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**Prove It** $\displaystyle \cos{x}\frac{dy}{dx} - (\sin{x})y = x\cos{x}$

$\displaystyle \frac{dy}{dx} - (\tan{x})y = x$.

This is first order linear, so use the integrating factor:

$\displaystyle e^{\int{\tan{x}\,dx}} = e^{-\ln{(\cos{x})}} = e^{\ln{\sec{x}}} = \sec{x}$.

Multiplying through by the integrating factor gives:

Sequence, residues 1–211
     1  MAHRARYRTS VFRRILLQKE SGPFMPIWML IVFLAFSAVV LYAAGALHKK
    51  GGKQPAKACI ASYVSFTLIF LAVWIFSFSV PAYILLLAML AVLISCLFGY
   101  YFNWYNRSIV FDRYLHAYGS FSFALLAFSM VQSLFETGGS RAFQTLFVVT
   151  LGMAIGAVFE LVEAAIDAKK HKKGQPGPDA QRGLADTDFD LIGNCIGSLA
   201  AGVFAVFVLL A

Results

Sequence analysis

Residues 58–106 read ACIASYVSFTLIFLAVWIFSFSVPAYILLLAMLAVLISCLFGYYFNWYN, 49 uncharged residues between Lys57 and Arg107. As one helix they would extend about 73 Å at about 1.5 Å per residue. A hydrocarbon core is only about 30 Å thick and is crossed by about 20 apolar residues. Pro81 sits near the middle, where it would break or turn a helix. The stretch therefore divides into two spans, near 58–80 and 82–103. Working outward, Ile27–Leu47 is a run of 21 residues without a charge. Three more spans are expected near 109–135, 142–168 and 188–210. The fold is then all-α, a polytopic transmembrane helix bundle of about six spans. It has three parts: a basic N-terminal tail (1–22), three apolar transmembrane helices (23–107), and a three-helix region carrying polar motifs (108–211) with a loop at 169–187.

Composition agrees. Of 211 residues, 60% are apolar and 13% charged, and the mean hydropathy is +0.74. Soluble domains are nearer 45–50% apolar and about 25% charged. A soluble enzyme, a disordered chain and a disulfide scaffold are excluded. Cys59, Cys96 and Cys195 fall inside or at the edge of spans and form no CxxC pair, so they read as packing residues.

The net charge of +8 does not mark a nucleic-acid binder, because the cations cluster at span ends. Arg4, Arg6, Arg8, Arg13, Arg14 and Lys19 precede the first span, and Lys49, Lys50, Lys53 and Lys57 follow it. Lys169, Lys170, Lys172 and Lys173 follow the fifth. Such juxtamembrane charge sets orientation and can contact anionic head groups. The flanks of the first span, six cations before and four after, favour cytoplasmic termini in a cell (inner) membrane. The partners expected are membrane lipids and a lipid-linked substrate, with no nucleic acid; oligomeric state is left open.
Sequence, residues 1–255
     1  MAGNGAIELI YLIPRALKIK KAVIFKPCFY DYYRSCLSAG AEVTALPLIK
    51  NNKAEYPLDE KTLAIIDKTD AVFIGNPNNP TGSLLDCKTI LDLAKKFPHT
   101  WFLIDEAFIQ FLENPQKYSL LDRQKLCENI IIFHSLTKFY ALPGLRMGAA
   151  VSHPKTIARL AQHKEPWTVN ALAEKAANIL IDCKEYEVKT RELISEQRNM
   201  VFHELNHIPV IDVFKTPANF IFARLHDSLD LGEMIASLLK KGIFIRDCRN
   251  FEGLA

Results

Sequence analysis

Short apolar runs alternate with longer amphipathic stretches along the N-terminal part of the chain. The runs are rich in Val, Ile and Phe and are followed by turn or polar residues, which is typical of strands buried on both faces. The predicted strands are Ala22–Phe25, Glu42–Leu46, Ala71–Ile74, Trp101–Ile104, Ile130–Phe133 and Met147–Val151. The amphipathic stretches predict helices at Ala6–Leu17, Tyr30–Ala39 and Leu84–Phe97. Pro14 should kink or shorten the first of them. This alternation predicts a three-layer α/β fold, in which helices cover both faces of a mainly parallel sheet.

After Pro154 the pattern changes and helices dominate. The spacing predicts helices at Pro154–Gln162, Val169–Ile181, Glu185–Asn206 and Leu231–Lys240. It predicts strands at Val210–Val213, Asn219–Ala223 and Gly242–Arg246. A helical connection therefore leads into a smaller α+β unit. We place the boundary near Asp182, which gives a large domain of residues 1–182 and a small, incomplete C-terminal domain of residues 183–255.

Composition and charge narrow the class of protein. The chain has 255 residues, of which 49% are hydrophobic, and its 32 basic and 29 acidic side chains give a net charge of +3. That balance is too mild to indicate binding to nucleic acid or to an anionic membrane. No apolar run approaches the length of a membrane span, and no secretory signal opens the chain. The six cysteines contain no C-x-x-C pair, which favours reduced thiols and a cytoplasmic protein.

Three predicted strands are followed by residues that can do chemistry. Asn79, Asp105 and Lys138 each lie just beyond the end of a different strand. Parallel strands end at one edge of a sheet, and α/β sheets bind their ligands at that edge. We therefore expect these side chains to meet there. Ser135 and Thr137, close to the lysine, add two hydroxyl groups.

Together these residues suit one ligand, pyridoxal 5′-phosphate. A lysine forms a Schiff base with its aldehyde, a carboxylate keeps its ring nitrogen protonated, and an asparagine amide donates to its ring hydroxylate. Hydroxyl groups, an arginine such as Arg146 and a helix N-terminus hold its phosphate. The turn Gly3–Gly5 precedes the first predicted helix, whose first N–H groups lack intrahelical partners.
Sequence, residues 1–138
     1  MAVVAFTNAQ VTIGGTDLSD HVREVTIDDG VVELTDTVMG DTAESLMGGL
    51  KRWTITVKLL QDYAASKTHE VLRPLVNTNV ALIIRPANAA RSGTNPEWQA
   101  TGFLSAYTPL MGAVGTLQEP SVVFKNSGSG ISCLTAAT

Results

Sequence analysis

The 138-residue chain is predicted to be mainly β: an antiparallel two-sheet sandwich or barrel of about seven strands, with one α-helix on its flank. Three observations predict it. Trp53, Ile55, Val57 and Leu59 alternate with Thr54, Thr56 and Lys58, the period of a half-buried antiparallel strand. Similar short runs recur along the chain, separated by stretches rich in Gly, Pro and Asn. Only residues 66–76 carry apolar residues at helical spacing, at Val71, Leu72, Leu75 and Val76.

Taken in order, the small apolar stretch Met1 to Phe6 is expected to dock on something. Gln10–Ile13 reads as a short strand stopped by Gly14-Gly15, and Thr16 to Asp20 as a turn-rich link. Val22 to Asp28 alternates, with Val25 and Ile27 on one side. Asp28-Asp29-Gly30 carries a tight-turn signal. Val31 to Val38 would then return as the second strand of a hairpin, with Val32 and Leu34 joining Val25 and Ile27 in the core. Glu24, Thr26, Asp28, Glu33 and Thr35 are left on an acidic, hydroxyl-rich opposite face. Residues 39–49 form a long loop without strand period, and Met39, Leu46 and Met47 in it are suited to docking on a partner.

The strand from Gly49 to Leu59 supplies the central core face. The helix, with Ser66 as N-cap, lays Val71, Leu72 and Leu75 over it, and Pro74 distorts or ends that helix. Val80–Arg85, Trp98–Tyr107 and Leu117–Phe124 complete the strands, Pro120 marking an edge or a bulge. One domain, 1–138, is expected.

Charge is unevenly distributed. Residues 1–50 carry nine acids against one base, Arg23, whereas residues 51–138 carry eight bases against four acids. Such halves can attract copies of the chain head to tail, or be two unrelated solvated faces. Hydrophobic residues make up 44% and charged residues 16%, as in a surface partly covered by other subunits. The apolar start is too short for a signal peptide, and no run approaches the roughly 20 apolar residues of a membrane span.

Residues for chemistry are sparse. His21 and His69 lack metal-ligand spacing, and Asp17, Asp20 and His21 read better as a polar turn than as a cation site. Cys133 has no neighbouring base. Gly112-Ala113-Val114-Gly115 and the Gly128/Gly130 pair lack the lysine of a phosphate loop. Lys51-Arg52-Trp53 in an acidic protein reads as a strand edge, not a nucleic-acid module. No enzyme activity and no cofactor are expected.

$\displaystyle \sec{x}\frac{dy}{dx} - (\sec{x}\tan{x})y = x\sec{x}$

The left hand side is a product rule expansion of $\displaystyle (\sec{x})y$, so

$\displaystyle \frac{d}{dx}[(\sec{x})y] = x\sec{x}$

$\displaystyle (\sec{x})y = \int{x\sec{x}\,dx}$.

So $\displaystyle y = \cos{x}\int{x\sec{x}\,dx}$.